Boise State University President Bob Kustra Announces He's Retiring
After almost 15 years at the helm of Boise State University, President Bob Kustra announced his retirement from the office effective June 30.
Kustra joined Boise State in 2003 and oversaw considerable growth at the school, helping to accelerate its transformation from a one-time commuter college into a university focused on research, with a huge expansion of undergraduate and graduate programs and multi-disciplinary programs like the College of Innovation and Design.
He benefited from rising enrollment, a growth in the out-of-state student body, and - on the football side - a come-from-behind Fiesta Bowl win in overtime in 2007, along with seven other bowl wins during that time.
Kustra says it feels like a good moment to step down, though he wants to be involved in some capacity with Boise State’s Department of Public Policy and Administration.
“I think every organization deserves the opportunity every so many years for new leadership – people with new ideas, people who come from someplace else, people who have different agendas – and 15 years, I thought, was the perfect point where you just say it’s time,” he says.
Presidents of both Idaho State University and Lewis Clark State College will step down in the spring as well. University of Idaho President Chuck Staben recently made the finalist pool to lead University of New Mexico, but wasn't ultimately chosen. Staben wouldn't tell the Moscow-Pullman Daily News whether he has applied for other jobs during an interview last week.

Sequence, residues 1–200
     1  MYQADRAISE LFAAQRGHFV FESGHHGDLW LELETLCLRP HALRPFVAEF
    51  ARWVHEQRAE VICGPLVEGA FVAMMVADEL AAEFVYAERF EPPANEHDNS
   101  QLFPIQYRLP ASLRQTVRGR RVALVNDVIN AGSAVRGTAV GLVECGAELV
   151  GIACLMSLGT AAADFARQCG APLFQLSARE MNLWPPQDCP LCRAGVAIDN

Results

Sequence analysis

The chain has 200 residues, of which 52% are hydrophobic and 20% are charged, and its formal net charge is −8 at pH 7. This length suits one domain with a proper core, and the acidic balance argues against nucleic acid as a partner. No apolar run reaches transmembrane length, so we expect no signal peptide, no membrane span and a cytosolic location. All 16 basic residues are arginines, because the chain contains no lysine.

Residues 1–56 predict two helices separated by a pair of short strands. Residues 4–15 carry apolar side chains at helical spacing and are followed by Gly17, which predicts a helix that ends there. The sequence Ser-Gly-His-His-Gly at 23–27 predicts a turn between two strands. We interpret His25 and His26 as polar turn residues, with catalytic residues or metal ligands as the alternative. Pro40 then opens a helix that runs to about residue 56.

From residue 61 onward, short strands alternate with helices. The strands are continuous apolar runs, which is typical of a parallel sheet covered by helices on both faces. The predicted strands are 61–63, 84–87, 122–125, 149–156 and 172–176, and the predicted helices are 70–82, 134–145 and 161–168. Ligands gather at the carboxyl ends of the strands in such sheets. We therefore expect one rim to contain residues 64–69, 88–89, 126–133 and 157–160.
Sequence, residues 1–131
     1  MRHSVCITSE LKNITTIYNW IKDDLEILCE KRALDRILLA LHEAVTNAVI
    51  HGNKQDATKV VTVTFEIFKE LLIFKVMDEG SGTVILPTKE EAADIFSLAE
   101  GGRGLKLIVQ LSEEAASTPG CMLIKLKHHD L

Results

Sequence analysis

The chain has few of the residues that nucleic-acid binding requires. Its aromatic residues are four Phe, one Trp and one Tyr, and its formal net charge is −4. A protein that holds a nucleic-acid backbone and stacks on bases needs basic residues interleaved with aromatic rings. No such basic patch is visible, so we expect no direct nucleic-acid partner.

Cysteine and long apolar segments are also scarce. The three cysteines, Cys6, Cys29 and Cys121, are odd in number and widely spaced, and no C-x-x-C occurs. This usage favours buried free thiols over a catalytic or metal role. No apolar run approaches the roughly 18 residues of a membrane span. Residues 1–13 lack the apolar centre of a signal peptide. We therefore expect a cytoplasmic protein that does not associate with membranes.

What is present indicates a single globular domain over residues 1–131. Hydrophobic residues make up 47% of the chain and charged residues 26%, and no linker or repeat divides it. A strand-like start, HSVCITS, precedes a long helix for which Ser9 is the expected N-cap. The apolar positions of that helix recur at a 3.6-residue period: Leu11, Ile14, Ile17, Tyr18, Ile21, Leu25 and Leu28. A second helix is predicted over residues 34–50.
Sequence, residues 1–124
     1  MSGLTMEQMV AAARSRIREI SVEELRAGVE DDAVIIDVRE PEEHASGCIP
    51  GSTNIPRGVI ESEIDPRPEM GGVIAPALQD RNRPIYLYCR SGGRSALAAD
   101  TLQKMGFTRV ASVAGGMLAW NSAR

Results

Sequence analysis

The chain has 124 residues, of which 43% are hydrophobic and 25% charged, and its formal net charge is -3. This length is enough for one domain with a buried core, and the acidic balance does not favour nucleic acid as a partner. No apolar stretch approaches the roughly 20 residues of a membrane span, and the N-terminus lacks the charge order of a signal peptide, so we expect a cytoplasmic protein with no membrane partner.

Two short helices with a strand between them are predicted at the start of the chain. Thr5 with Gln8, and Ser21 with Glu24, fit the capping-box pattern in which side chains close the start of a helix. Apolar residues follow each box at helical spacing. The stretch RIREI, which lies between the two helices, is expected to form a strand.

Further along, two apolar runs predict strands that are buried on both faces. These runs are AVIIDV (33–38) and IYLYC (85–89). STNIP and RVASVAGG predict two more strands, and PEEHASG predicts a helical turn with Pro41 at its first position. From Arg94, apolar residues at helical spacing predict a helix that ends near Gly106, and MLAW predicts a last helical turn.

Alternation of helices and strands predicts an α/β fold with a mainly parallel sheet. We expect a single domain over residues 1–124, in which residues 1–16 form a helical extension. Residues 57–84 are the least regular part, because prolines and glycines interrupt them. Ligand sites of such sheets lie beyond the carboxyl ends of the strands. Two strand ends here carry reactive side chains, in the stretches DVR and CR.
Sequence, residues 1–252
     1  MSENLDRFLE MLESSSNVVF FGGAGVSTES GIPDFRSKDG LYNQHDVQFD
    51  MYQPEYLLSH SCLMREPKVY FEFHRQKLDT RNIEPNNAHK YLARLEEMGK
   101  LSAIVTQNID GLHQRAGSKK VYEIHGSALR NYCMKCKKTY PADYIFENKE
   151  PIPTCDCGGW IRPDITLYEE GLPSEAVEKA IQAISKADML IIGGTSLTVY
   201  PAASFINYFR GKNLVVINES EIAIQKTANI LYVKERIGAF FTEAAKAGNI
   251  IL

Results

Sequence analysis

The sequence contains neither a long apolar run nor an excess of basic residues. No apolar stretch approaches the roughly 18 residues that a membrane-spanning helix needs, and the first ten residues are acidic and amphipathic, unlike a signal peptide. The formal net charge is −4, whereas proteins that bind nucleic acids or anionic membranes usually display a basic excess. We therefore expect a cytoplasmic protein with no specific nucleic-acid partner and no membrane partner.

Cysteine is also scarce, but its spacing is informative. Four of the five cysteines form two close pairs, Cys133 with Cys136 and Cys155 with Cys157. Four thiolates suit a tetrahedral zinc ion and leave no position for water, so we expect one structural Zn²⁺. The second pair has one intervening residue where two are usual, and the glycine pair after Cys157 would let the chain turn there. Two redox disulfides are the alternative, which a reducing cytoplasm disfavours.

During Kustra's tenure, the campus near downtown Boise expanded considerably, with the recent additions of the Honors College, Alumni and Friends Center, and the forthcoming Center for Fine Arts.
Some of those additions are among the $450 million capital campaign that stand out among the 74-year-old’s list of accomplishments.
He boosted fundraising efforts, doubled the university foundation’s assets to $180 million and shifted an on-campus culture with an expansion of discipline-specific dorms and student organizations.
“It’s really been the highlight of my entire career. I’ve had a great career in academic life, in political life – 18 years in public office. Nothing comes close.”
Kustra also drew criticism – saying in 2010 that he and his wife wouldn’t travel to Moscow for the final football game between Boise State and U of I, calling the fan culture “nasty” and “inebriated”.
Kustra also sparred with Congressman Raul Labrador earlier this year over his response to white nationalist riots in Charlottesville, Virginia.
He has hosted a weekly program on Boise State Public Radio called Reader's Corner, which he intends to continue.
Prior to arriving at Boise State, Kustra had a stint as president of Eastern Kentucky University and held faculty positions at several Midwestern universities.
He also served several terms in the Illinois legislature and two terms as the state’s lieutenant governor.
You can find Tom Michael’s extended interview with Kustra here.
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